Self-Hypnosis and Clinical Hypnosis in Palliative Care for Reducing Anxiety and Pain Related to Severe Chronic Diseases

(Source: Hypnosis)

Main Point:

The analgesic effect of hypnosis is a matter of interest and a key focus for researchers to improve the patient’s quality of life. It has emerged as an important tool for rerouting pain sensations and relaxing patients suffering from severe chronic illness. Patients suffering from advanced cancer and severe chronic diseases experience anxiety and a complex range of pain. Brugnoli et al. (2018) carried out a long-term intervention of 2 years to evaluate the role of hypnosis in mitigating pain.

Published in:

Annals of Palliative Medicine

Study Further:

The research method was performed at the University of Verona, Italy, in the departments of Intensive Care and Pain Therapy and the Center of Anesthesiology. Brugnoli et al. (2018) selected 50 participants suffering from oncologic pain, neurologic pain, and rheumatic pain. In this non-randomized clinical trial, a control group and an experimental group were designed. Each group contained 25 research participants. In the control group, patients dealt with pharmacological treatment only. However, in the experimental group, hypnosis was induced as an intervention along with pharmacological therapy. The Hamilton Anxiety Rating Scale (HAM-A) and the Visual Analog Scale (VAS) were used for the evaluation and assessment of pain and anxiety. Brugnoli et al. (2018) concluded that hypnosis as adjuvant therapy for patients receiving pharmacological treatment reduces the intensity of pain many times. The group of patients receiving both hypnosis and medical attention showed a reduction in pain scores as compared to control group patients. According to variance analysis, the reduction in perceived pain was found to be highly significant in the hypnosis group. A decrease in the anxiety score of patients was observed. It fell from 32.6 to 22.9 for the 1st year and 17.1 for the 2nd year follow up. As per ANOVA results, a significant difference was found between control group and experimental group results for pain and anxiety scores.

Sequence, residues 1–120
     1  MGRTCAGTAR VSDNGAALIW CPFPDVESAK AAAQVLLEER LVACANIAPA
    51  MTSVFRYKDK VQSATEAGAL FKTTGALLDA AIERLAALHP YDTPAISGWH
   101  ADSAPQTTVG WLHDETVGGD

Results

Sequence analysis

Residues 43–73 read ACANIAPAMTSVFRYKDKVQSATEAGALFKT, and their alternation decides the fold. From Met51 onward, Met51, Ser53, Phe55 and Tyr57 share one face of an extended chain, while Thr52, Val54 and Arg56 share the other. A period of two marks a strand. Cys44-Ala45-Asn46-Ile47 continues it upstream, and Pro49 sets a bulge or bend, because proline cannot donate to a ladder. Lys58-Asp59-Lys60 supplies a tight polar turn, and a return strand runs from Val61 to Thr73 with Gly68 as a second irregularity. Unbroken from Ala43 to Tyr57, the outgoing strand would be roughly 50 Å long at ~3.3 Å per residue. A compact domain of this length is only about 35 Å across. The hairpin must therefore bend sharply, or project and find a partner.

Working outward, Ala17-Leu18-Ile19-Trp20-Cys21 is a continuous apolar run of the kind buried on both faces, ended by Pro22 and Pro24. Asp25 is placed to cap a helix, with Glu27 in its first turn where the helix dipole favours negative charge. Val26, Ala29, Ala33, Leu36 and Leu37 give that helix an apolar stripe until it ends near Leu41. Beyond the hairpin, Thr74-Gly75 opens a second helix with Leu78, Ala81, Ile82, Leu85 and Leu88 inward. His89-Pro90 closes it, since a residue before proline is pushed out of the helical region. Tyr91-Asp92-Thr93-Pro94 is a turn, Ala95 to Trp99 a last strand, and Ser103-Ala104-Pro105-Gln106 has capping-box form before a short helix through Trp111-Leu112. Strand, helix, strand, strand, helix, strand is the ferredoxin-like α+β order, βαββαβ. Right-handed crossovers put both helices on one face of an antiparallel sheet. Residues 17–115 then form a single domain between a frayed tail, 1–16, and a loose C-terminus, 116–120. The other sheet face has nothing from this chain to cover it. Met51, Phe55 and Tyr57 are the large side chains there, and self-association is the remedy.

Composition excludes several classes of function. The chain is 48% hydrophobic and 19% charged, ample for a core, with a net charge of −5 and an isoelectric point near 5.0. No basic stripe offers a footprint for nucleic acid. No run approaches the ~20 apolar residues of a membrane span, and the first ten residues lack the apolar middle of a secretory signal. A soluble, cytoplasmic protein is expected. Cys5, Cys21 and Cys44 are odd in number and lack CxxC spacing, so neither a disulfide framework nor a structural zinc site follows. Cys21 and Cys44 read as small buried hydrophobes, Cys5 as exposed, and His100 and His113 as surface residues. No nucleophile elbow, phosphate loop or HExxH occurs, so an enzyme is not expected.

Brugnoli, M. P., Pesce, G., Pasin, E., Basile, M. F., Tamburin, S., & Polati, E. (2018). The role of clinical hypnosis and self-hypnosis to relief pain and anxiety in severe chronic diseases in palliative care: a 2-year long-term follow-up of treatment in a nonrandomized clinical trial. Ann Palliat Med, 7(1), 17-31.

Nagina Anwar

Nagina Anwar is Medical and Business graduate (Pharm. D - gold medalist, MPhil, MBA exec., B.Sc.). She is pursuing her career in the field of education and freelancing as a lecturer and content writer, respectively. Writing is her passion, which she is pursuing for the last 6 years. She is continuously unlocking new horizons with national and international projects.